Get Your Premium Membership

Famous Aith Poems by Famous Poets

These are examples of famous Aith poems written by some of the greatest and most-well-known modern and classical poets. PoetrySoup is a great educational poetry resource of famous aith poems. These examples illustrate what a famous aith poem looks like and its form, scheme, or style (where appropriate).

See also:

by Burns, Robert
..., a glen was green,
Upon the banks they eas’d their shanks,
 And aye she set the wheel between:
But Duncan swoor a haly aith,
 That Meg should be a bride the morn;
Then Meg took up her spinning-graith,
 And flang them a’ out o’er the burn.

We will big a wee, wee house,
 And we will live like king and queen;
Sae blythe and merry’s we will be,
 When ye set by the wheel at e’en.
A man may drink, and no be drunk;
 A man may fight, and no be slain;
A man may kiss a bonie...Read more of this...

by Burns, Robert them tidings hame.

Nor only bring them tidings hame,
 But do their errands there,
And aiblins gowd and honor baith
 Might be that laddie’s share.

There was Maggy by the banks o’ Nith,
 A dame wi’ pride eneugh;
And Marjory o’ the mony Lochs,
 A Carlin auld and teugh.

And blinkin Bess of Annandale,
 That dwelt near Solway-side;
And whisky Jean, that took her gill,
 In Galloway sae wide.

And auld black Joan frae Crichton Peel, 1
 O’ gipsy kith an’ kin...Read more of this...

by Burns, Robert
...iend! whare ye gaun?
 Will ye go back?”

It spak right howe,—“My name is Death,
But be na fley’d.”—Quoth I, “Guid faith,
Ye’re maybe come to stap my breath;
 But tent me, billie;
I red ye weel, tak care o’ skaith
 See, there’s a gully!”

“Gudeman,” quo’ he, “put up your whittle,
I’m no designed to try its mettle;
But if I did, I wad be kittle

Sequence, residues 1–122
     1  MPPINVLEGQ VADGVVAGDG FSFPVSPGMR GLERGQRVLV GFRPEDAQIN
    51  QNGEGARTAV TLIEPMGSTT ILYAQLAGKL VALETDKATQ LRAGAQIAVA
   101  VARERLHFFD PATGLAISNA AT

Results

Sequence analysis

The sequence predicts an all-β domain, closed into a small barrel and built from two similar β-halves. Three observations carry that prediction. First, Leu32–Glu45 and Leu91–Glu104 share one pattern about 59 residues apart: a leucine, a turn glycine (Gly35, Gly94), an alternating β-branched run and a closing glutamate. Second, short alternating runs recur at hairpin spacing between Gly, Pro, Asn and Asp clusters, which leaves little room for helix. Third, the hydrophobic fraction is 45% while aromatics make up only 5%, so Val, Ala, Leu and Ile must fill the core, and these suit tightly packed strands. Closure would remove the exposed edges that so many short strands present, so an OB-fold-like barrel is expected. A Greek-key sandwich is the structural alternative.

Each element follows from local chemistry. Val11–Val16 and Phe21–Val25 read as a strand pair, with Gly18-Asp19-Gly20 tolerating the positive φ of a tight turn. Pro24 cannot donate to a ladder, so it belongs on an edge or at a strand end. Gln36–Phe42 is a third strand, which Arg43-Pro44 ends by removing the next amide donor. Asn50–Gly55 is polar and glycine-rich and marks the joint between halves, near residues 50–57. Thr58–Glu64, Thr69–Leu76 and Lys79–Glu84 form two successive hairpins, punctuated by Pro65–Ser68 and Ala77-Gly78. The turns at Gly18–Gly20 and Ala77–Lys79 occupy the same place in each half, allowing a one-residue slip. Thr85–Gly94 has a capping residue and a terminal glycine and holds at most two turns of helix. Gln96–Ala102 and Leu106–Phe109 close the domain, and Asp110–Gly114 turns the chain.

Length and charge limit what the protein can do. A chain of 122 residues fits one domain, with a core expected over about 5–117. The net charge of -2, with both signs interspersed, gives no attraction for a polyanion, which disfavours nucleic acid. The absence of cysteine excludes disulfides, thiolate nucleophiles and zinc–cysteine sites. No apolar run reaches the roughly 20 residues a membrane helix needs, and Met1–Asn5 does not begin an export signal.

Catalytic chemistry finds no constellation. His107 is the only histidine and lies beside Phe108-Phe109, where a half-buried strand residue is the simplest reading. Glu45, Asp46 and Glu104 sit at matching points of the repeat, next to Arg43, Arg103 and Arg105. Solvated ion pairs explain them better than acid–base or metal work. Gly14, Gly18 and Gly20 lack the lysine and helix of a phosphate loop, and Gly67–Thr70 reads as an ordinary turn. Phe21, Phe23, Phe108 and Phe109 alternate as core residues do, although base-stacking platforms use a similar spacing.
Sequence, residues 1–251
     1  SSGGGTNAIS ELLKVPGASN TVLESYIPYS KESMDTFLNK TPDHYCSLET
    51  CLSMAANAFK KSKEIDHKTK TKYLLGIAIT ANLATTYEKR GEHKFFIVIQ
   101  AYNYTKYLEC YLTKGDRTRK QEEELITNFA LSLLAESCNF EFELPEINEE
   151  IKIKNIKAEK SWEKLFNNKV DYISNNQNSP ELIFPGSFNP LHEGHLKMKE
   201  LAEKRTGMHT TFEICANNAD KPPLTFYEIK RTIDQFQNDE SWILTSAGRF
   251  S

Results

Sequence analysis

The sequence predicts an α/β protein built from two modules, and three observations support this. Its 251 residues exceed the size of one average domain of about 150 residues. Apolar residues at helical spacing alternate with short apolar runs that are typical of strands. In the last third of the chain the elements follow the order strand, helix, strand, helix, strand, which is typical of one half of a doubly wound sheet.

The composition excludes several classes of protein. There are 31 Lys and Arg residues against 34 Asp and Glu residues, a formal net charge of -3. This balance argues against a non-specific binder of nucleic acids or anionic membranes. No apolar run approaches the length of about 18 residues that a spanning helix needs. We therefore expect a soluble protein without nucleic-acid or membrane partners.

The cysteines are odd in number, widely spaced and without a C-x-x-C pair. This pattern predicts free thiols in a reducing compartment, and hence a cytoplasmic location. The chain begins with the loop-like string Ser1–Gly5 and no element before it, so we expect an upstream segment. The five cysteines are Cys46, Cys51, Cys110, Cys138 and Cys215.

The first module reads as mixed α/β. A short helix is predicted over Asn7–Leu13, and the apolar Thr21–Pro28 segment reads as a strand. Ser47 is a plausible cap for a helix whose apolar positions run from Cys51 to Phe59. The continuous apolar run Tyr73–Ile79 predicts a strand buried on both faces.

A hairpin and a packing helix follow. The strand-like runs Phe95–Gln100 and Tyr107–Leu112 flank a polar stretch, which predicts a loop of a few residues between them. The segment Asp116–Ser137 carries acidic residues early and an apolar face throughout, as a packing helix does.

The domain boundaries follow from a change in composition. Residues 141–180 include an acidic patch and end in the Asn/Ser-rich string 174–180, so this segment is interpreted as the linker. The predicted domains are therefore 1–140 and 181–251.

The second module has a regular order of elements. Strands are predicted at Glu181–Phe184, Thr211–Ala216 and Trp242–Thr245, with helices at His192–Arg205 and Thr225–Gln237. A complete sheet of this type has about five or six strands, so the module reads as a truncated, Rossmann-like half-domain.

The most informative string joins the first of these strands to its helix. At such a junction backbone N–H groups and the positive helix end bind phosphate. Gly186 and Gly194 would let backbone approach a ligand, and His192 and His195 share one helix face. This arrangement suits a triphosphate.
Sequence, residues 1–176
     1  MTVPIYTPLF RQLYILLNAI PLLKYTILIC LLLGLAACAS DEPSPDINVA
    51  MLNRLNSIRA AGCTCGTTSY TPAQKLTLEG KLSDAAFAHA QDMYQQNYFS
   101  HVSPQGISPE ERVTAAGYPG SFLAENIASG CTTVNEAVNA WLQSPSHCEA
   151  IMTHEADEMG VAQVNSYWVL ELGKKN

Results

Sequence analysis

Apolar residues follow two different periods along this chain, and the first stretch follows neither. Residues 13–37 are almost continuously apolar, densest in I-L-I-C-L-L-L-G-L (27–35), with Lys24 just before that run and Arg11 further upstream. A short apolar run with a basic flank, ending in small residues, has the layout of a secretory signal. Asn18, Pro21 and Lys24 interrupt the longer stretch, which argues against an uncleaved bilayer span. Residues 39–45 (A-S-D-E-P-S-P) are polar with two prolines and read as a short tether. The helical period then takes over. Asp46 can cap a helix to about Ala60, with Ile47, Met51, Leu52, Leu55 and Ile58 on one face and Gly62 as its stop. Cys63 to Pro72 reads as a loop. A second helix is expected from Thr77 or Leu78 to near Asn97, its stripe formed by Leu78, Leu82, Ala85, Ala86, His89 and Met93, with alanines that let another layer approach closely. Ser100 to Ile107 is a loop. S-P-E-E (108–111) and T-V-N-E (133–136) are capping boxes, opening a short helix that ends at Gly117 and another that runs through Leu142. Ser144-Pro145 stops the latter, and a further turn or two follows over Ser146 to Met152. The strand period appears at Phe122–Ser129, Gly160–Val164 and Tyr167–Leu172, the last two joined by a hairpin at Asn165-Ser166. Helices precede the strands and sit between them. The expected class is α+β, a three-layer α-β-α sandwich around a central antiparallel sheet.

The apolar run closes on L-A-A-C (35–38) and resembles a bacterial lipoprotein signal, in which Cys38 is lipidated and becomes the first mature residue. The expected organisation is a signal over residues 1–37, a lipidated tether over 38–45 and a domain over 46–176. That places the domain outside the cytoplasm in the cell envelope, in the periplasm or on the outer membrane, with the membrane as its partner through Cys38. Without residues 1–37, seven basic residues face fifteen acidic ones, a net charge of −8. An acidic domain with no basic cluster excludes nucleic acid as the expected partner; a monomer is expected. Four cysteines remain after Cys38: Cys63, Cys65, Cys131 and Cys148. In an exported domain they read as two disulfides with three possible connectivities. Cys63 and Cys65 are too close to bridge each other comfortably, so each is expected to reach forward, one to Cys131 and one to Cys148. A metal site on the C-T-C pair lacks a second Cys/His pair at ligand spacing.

To be mislear’d;
I wad na mind it, no that spittle
 Out-owre my beard.”

“Weel, weel!” says I, “a bargain be’t;
Come, gie’s...Read more of this...

by Burns, Robert
...made himsel,
 Or witty catches—
’Tween Inverness an’ Teviotdale,
 He had few matches.

Then up I gat, an’ swoor an aith,
Tho’ I should pawn my pleugh an’ graith,
Or die a cadger pownie’s death,
 At some dyke-back,
A pint an’ gill I’d gie them baith,
 To hear your crack.

But, first an’ foremost, I should tell,
Amaist as soon as I could spell,
I to the crambo-jingle fell;
 Tho’ rude an’ rough—
Yet crooning to a body’s sel’
 Does weel eneugh.

I am nae poet, in a...Read more of this...

by Burns, Robert
Then echo thro’ Saint Stephen’s wa’s
 Auld Scotland’s wrangs.

Dempster, 3 a true blue Scot I’se warran’;
Thee, aith-detesting, chaste Kilkerran; 4
An’ that glib-gabbit Highland baron,
 The Laird o’ Graham; 5
An’ ane, a chap that’s damn’d aulfarran’,
 Dundas his name: 6

Erskine, a spunkie Norland billie; 7
True Campbells, Frederick and Ilay; 8
An’ Livistone, the bauld Sir Willie; 9
 An’ mony ithers,
Whom auld Demosthenes or Tully
 Might own for brithers.

See s...Read more of this...

by Burns, Robert
...os’d the winter day,
The curless quat their roarin play,
And hunger’d maukin taen her way,
 To kail-yards green,
While faithless snaws ilk step betray
 Whare she has been.

The thresher’s weary flingin-tree,
The lee-lang day had tired me;
And when the day had clos’d his e’e,
 Far i’ the west,
Ben i’ the spence, right pensivelie,
 I gaed to rest.

There, lanely by the ingle-cheek,
I sat and ey’d the spewing reek,
That fill’d, wi’ hoast-provoking smeek,
 The auld clay...Read more of this...

by Burns, Robert
...SIR, as your mandate did request,
I send you here a faithfu’ list,
O’ gudes an’ gear, an’ a’ my graith,
To which I’m clear to gi’e my aith.

 Imprimis, then, for carriage cattle,
I hae four brutes o’ gallant mettle,
As ever drew afore a pettle.
My hand-afore ’s a guid auld has-been,
An’ wight an’ wilfu’ a’ his days been:
My hand-ahin ’s a weel gaun fillie,
That aft has borne me hame frae Killie. 2...Read more of this...

Dont forget to view our wonderful member Aith poems.

Book: Shattered Sighs